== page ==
Back during the Spy 100 Project, I rather enjoyed the staid spy film The Man Who Never Was, which dramatizes one of military history’s most elaborate and successful deception operations. Now, though, I would point viewers at the newly released, far more engaging Operation Mincemeat (2022), which isn’t exactly a remake but could easily be considered one. Based on historian Ben MacIntyre’s nonfiction account, this wartime drama situates us in 1943, just as the Allies are attempting to turn the tide against Nazi Germany. The British assault on Europe is imminent, but their next move, an attack on Sicily, is glaringly obvious. The British high command desperately needs to divert German military resources from the target, a task that falls to the Twenty Committee, an intelligence organization in charge of misleading the German military. Although the brass isn’t particularly enamored of its chances, they nonetheless endorse “Operation Mincemeat,” the joint brainchild of Lieutenant Commander Ewen Montagu (Colin Firth) and intelligence officer Charles Cholmondeley (Matthew Macfadyen)—with some timely support from future James Bond scribe Ian Fleming (Johnny Flynn). The plan is to plant papers on the corpse of a fictional military officer that confirm the British assault will occur in Greece, and make sure the body winds up the hands of German intelligence, paving the way for an easier landing in Sicily. Building out a small team to assist them, Montagu and Cholmondeley painstakingly build out the legend of “Major William Martin” and plan to launch the outlandish ploy.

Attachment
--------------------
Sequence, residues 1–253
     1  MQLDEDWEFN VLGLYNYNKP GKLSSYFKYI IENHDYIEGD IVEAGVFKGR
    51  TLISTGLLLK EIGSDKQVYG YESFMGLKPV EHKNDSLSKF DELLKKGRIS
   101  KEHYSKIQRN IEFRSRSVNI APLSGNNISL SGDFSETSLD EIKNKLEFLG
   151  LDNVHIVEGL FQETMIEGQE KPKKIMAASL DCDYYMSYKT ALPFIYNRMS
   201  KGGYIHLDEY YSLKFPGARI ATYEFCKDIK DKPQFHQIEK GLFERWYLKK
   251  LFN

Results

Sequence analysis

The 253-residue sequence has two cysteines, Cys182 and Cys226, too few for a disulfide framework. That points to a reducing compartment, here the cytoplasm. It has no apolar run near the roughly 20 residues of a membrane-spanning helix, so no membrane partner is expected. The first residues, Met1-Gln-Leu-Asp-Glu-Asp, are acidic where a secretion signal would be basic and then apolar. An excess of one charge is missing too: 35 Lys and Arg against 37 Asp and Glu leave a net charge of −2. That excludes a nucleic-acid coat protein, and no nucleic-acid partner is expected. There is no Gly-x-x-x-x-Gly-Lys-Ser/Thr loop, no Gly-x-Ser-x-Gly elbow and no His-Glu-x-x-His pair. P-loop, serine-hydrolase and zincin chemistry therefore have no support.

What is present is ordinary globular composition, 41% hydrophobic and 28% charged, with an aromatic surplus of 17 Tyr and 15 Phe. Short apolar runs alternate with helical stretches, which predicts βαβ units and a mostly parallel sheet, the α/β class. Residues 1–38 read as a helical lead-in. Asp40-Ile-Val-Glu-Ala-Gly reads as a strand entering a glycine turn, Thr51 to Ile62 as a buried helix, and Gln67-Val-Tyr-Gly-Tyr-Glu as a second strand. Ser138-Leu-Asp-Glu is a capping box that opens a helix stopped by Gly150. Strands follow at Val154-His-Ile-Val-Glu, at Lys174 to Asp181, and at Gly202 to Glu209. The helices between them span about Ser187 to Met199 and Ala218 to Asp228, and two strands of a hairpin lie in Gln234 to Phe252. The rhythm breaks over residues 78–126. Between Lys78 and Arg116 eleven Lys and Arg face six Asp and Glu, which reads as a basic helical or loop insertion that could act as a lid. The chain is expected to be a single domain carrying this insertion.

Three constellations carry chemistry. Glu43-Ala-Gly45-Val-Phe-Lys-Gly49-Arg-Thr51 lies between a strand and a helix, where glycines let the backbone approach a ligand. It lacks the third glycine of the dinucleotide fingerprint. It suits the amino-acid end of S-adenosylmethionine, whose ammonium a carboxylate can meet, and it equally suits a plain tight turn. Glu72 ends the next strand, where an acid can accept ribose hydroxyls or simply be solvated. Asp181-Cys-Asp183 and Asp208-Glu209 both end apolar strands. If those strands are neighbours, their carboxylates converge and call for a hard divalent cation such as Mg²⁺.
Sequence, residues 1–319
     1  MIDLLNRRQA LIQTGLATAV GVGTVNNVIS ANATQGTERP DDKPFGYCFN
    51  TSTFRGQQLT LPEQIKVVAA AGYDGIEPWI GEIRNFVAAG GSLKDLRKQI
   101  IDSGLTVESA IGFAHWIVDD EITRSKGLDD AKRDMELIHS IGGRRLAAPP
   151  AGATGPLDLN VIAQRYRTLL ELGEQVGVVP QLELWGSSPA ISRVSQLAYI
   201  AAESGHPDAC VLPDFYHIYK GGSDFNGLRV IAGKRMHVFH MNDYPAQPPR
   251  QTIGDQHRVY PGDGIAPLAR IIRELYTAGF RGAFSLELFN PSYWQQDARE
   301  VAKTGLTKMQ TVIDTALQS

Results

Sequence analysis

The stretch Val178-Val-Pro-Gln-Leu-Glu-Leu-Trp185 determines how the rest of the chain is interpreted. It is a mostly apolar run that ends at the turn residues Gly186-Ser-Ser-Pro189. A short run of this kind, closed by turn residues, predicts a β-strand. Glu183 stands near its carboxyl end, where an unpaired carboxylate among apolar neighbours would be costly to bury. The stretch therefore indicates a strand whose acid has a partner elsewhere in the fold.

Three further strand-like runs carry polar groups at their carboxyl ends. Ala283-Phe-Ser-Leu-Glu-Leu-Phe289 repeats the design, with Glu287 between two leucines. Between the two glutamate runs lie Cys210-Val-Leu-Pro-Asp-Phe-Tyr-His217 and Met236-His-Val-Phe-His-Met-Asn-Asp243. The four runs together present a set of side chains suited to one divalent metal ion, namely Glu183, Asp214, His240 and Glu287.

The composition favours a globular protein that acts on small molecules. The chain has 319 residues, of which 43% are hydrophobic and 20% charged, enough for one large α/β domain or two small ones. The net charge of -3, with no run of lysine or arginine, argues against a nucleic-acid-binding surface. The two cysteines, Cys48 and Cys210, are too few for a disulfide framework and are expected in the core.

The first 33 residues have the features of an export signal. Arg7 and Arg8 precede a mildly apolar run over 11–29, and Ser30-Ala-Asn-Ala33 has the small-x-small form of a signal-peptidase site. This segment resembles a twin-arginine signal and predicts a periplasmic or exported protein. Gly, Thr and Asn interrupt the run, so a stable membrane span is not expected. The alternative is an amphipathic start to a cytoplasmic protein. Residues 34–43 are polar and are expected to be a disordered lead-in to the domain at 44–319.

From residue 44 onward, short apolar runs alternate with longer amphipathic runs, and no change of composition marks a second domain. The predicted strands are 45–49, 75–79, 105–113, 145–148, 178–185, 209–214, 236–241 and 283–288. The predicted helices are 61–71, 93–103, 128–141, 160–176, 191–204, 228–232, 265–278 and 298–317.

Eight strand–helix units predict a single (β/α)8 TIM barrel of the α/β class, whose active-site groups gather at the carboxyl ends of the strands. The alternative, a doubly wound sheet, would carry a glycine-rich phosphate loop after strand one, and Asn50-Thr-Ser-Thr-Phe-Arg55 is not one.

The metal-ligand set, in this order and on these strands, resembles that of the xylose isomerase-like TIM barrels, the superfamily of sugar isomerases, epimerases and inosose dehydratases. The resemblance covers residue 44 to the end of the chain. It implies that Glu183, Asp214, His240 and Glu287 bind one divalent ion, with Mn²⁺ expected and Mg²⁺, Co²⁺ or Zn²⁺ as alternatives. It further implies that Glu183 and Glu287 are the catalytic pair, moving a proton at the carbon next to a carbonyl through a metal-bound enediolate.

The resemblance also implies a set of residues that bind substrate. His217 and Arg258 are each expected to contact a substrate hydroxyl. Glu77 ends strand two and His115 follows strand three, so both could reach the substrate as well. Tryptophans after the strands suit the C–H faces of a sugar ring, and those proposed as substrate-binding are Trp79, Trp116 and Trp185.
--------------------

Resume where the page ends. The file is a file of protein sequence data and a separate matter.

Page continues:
Operation Mincemeat is a rather remarkable operation, and this new take—from director John Madden and screenwriter Michelle Ashford—gives it the engrossing framing it deserves. Like The Man Who Never Was, it dives deep into the many challenges and details of the mission, but is much more successful bringing character and conflict to its players, even if it does so in rather conventional ways. The most obvious is the subdued love triangle subplot between Montagu, Cholmondeley, and widowed secretary Jean Leslie (Kelly Macdonald), who joins the team as the inspiration for “Pam,” Major Martin’s fictional girlfriend, her photo part of the “wallet litter” designed to make Martin’s fake life more convincing. The romantic trio is a tired set-up, but it’s quite artfully scripted and performed, particularly in scenes where the team is inventing Martin’s backstory and subtly infusing it with revealing glimpses of their own personalities. Adding to this element is the character of Hester Leggett (Penelope Wilton), the secretary who wrote Pam’s fictitious love letters. Ashford’s dialogue nicely integrates the bureaucratic tradecraft of the team’s legend-building with well executed emotional heft for the principal characters, each combating their lonely circumstances with obsessive devotion to an important, isolated, and secretive task. Madden ventures way from the smoky corridors of the intelligence world just often enough to broaden the scope with glimpses of the greater conflict. The result is a film that refreshingly shakes up the predictable turns of a group biopic with absorbing dramatic and historical context.